Mastering Days Sales Outstanding (DSO) can greatly improve your business finances and help your company thrive.

6 Ways to Improve Cash Flow for your Business

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Improving cash flow is a top priority for businesses. Money is needed for day-to-day operations, payroll, business transactions, and loans. Mastering Days Sales Outstanding (DSO) can greatly improve your business finances and help your company thrive.

You may be asking yourself, “What is DSO?” Days sales outstanding (DSO) is the average number of days that receivables remain outstanding before they are collected. It is used to determine the effectiveness of a company's credit and collection efforts in extending credit to customers, as well as its ability to collect from them. It’s hard to continue funding your own company’s growth when you’re extending your customers so much credit in the form of net-terms, so measuring your DSO is critical.

How Can My Company Master Days Service Outstanding?


To calculate the DSO ratio, take your total accounts receivable and divide it by the average sales per day. For example, if your business’ accounts receivable is $2,000 and revenue is $25,000 for the past year, your DSO is 29 days (2,000/ (25,000/365)). Higher numbers mean that your business has longer collection periods. It is important to compare payment terms and average industry collection times in order to properly assess the DSO ratio and make changes accordingly.

Track and Improve

You can’t improve what you don’t track! It is critical to calculate and track these figures monthly in order to stay on top of cash flow and avoid money flowing out faster than it is coming in. If collection times are longer than average, you can be aware of it relative to previous months or quarters by tracking your DSO. Measuring your performance against the average is a great way to prove that you should (or shouldn’t) be spending more time following up with your customers that have outstanding invoices. In fact, we’ve found that the simplest way to improve your DSO is to send regular reminders to customers well before an invoice is overdue. Reminders coupled with expectation setting is a great way to ensure you get paid on time. "Can you review our most recent invoice to let me know if there are any discrepancies? If there are none, can you let me know when I can expect payment?”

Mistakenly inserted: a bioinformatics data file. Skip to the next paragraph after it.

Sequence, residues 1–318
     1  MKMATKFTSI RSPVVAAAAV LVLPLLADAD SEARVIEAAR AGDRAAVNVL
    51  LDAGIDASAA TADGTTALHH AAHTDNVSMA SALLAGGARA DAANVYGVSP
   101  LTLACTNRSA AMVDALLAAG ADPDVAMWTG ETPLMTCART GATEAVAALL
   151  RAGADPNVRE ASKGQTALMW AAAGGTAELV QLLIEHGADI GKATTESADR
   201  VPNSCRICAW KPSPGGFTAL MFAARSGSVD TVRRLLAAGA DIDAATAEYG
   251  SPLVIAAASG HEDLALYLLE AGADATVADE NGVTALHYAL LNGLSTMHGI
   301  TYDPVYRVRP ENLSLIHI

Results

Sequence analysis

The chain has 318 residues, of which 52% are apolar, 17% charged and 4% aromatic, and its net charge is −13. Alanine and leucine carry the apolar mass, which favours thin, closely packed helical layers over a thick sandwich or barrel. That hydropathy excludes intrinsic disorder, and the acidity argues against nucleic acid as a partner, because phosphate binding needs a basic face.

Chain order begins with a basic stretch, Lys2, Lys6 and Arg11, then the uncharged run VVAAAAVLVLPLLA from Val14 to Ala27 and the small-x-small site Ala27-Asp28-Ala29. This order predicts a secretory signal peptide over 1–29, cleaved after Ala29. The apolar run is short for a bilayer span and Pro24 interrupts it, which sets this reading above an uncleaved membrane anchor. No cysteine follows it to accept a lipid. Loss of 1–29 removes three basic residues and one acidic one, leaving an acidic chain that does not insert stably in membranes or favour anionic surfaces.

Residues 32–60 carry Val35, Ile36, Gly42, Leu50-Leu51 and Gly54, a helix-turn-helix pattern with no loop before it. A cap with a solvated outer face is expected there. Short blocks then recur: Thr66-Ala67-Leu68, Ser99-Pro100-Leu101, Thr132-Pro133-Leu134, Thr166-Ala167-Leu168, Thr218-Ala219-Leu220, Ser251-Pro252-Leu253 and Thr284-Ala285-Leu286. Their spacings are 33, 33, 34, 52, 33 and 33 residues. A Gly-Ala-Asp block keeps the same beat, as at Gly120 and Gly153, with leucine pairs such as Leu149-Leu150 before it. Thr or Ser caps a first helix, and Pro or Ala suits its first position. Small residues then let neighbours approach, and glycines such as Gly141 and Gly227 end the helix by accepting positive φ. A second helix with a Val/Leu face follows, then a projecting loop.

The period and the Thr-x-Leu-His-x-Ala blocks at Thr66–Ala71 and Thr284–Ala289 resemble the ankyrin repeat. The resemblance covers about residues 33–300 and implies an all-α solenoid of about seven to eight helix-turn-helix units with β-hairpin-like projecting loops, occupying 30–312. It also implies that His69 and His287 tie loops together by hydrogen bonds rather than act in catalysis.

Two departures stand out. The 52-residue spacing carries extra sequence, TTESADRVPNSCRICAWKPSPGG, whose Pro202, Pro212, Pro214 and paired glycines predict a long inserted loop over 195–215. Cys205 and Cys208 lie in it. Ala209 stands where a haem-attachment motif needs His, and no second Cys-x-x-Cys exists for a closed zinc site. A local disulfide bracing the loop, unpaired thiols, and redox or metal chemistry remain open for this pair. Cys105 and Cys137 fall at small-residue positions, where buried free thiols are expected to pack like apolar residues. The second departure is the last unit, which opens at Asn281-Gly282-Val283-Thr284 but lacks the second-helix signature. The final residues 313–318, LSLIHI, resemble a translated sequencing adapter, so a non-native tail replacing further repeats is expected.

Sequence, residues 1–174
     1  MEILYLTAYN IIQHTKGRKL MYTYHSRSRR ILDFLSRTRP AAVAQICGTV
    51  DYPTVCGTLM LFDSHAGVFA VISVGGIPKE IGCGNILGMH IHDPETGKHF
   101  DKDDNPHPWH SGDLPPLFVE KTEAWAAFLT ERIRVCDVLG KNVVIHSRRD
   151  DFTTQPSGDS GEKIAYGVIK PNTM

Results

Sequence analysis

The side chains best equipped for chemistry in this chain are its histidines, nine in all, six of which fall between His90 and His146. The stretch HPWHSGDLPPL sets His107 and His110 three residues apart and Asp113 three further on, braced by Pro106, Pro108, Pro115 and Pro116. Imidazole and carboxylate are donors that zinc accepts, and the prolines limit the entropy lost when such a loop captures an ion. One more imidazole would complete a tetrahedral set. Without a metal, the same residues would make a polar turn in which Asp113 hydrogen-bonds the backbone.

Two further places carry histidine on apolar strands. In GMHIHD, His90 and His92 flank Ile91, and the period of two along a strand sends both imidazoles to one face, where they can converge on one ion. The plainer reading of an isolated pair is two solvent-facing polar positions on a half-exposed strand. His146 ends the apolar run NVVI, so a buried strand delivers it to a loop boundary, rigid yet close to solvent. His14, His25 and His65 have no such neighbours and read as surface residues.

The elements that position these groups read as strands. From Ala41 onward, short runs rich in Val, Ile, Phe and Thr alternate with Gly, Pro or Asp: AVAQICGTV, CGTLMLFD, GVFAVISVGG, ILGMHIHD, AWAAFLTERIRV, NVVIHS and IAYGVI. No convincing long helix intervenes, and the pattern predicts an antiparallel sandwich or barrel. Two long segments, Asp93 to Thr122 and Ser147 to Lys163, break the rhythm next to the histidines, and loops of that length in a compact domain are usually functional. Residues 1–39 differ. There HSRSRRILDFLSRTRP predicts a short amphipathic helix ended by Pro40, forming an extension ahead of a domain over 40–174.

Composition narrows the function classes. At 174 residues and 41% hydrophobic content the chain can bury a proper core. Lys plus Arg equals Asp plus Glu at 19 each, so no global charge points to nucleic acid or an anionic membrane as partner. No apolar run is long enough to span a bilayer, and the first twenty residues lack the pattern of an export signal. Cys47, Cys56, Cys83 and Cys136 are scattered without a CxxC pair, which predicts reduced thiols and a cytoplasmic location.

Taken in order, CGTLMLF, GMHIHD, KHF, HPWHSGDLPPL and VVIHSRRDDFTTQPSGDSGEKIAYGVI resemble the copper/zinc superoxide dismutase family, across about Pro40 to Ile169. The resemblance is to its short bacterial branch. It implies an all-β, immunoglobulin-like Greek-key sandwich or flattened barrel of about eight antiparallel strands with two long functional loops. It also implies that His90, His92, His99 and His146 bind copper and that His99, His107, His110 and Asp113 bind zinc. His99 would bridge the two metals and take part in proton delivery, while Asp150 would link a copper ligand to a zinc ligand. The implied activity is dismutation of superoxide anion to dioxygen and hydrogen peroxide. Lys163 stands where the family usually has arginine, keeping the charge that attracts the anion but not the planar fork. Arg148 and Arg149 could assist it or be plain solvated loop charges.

Focus on Quality Clients

Determine your “ideal client” and be wary of red flags during your client intake process. Have a conversation regarding the payment process and terms upfront and take note of any part of the conversation that may indicate delays or difficulty in receiving timely payments. Also, keep track of your customer’s early, on-time, or late payments. Being aware of two late payments in a row after a long period of on-time payments give you the opportunity to have a discussion and nip the problem in the bud before you end up in a situation where those late payments turn into nonpayment.

Send Detailed Invoices

When sending invoices, make sure you reiterate the payment terms from your contract. Avoid ambiguous terms such as “net-30” or terms that may confuse those who aren’t familiar with business jargon. Being detailed about the due date anchors expectations solidly when payment is expected. Also, consider including an incentive with invoices, so clients pay you on time. For example, you could give a 5% discount for payment within 7 days after issuing an invoice.

Consider Omitting Net Terms on Invoices

I know this is counter to the last point, but if you’re serious about collecting ASAP consider eliminating any mention of the due date on your invoices. Sending an invoice and following up every week with something like: “I’m just making sure you received the invoice for $xxxxx, when can I expect payment” can result in very early invoice payments which will do wonders to drive down your DSO and improve your cash flow.  Word to the wise: This doesn’t work with large company’s AP departments, for that you should consider invoice factoring (more on that below).

Request an Upfront Deposit

Requesting an upfront deposit is a way to get clients vested in the project from the start and demonstrates the client's commitment. It increases the likelihood that future payments will be made on time and will help you avoid having unpaid invoices.

Invoice Factoring to Increase Your Cash Flow

If you have invoices out to large company AP departments there’s not a lot, you can do to impact your DSO with them. They will usually pay regularly, but on their own terms of net 30, 60 or even 90 days. Finding a growth partner like Finance Fuel will result in you having the majority of the invoice’s value advanced to you on the day it’s sent. Once the invoice is paid you will receive the remainder minus Finance Fuel’s fees. The value of having your money 30, 60, or 90 days earlier is huge when you consider what growth projects you could take on in that time.


No matter which way you slice it, consistently measuring DSO will give you a snapshot into how long you’re financing your average customer’s deal. Taking one or more of the steps listed above to drive down DSO will limit the amount of credit you’re extending your customers and allow you to use that increased cash flow to fund other ongoing projects.  

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